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their complaints through the United Nations."
Following the September proposal, John Foster Dulles, replying to a question at
a press conference, said that "the United States is skeptical of these arrangements with
the Soviet Union for 'hands-off. What they are apt to mean is our hands off and their
hands under the table." This appears to be the only public comment the US government
saw fit to make on the matter.17
It may be instructive to speculate upon the reaction of the Western nations if the
Soviet Union had announced a "Khrushchev Doctrine", ceding to itself the same scope
of action in the Middle East as that stipulated in the Eisenhower Doctrine.
In January 1958, Syria and Egypt announced their plans to unite, forming the
new nation of the United Arab Republic (UAR). The initiative for the merger had come
from Syria who was motivated in no small part by her fear of further American power
plays against her. Ironically, under the merger arrangement, the Communist Party,
already outlawed in Egypt, was dissolved in Syria, an objective which a year and a half
of CIA covert activity had failed to achieve.
Two weeks after the birth of the UAR, and in direct response to it, Iraq and
Jordan formed the Arab Union, with the United States acting as midwife. This union
was short lived, for in July a bloody coup in Iraq overthrew the monarchy, the new
regime establishing a republic and promptly renouncing the pact. The trumpets of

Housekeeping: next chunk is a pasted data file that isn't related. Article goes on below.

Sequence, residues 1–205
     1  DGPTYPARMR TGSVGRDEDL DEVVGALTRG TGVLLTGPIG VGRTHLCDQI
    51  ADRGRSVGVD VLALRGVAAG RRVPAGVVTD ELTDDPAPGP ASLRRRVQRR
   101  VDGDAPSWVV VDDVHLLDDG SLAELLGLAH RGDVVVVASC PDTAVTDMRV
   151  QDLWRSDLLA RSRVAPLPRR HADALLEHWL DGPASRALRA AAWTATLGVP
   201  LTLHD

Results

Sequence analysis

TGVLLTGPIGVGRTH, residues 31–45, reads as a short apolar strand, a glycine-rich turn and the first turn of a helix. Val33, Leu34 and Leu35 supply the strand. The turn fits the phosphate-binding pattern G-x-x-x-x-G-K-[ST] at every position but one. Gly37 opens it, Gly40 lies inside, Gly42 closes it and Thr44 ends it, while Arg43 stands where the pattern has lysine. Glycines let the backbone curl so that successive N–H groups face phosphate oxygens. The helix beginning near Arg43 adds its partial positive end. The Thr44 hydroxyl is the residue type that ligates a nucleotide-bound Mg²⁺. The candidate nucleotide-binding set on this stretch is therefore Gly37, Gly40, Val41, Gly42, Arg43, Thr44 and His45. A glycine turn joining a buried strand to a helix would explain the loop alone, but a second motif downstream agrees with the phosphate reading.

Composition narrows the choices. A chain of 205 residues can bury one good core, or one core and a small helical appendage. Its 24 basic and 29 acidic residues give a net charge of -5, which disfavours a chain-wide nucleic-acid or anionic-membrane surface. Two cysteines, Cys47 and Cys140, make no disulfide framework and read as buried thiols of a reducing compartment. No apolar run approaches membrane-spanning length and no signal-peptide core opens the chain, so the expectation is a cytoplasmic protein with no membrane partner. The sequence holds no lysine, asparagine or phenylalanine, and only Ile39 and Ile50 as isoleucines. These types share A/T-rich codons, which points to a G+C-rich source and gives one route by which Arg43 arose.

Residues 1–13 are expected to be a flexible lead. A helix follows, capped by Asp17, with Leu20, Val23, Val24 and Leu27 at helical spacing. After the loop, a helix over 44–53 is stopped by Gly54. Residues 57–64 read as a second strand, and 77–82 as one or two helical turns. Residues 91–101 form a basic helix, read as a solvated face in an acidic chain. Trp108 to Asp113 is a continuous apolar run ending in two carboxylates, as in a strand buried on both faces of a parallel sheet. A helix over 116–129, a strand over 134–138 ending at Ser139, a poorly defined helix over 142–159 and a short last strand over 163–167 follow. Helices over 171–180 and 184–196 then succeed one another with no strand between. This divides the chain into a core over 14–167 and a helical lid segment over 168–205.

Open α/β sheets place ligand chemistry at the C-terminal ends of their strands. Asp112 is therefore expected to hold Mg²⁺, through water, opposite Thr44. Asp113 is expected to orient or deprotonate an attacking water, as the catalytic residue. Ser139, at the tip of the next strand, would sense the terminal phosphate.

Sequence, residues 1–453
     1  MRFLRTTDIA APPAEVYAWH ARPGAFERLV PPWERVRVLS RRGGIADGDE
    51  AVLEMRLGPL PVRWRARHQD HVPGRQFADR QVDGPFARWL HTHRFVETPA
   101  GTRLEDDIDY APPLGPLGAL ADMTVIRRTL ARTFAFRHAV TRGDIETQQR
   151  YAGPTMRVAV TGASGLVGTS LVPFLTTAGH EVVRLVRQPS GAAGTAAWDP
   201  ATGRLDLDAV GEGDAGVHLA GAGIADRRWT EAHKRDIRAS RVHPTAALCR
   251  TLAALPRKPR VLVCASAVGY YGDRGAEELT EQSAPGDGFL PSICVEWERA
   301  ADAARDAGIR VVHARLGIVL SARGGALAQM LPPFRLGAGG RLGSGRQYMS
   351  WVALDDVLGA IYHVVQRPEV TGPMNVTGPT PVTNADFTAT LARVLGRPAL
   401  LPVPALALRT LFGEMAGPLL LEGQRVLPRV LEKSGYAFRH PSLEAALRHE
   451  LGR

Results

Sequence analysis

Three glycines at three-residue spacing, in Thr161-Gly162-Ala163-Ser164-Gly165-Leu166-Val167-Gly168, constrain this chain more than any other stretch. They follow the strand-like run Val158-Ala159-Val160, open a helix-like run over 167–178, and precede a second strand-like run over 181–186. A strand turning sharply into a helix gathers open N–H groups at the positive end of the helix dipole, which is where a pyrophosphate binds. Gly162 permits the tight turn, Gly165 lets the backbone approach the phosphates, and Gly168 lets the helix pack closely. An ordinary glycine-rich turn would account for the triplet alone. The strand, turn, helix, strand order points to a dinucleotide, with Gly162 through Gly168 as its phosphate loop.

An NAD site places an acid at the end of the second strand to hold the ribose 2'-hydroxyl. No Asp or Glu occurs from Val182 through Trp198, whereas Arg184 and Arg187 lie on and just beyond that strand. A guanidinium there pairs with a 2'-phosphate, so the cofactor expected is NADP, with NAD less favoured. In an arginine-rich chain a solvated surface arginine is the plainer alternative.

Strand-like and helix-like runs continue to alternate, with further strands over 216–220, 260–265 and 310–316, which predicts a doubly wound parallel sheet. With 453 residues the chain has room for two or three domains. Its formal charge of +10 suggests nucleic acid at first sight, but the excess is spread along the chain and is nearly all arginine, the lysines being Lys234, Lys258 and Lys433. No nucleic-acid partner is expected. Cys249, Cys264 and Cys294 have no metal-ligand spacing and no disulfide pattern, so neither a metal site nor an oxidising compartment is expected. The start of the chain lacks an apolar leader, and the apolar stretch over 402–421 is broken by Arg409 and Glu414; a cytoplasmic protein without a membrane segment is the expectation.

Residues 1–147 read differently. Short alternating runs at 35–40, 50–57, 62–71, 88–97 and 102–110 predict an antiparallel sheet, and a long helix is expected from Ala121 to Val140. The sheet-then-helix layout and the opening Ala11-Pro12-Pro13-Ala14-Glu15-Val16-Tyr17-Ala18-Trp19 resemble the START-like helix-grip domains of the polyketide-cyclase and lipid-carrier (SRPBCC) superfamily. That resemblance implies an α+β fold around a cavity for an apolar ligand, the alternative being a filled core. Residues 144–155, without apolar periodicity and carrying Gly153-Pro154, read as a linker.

Armageddon could once more be heard distinctly in the Oval Office. "This somber turn

of events," wrote Eisenhower in his memoirs, "could, without vigorous response on our
part, result in a complete elimination of Western influence in the Middle East."18
Although the president would not be so crass as to mention a concern about oil, his
anxiety attack was likely brought on by the fact that one of the greatest oil reserves in
the world was now under rule of a government which might well prove to be not as
pliable an ally as the previous regime, and too independent of Washington.
The time for a mere show of force was over. The very next day, the marines,
along with the American navy and air force, were sent in”not to Iraq, but to Lebanon.
Of all the Arab states, Lebanon was easily the United States' closest ally. She
alone had supported the Eisenhower Doctrine with any enthusiasm or unequivocally
echoed Washington's panic about Syria. To be more precise, it was the president of
Lebanon, Camille Chamoun, and the foreign minister, Charles Malik, a Harvard Ph.D.
in philosophy, who had put all their cold-war eggs into the American basket. Chamoun
had ample reason to be beholden to the United States. The CIA apparently played a role
in his 1952 election,19 and in 1957 the Agency furnished generous sums of money to
Chamoun to use in support of candidates in the Chamber of Deputies (Parliament) June
elections who would back him and, presumably, US policies. Funds were also provided
to specifically oppose, as punishment, those candidates who had resigned in protest over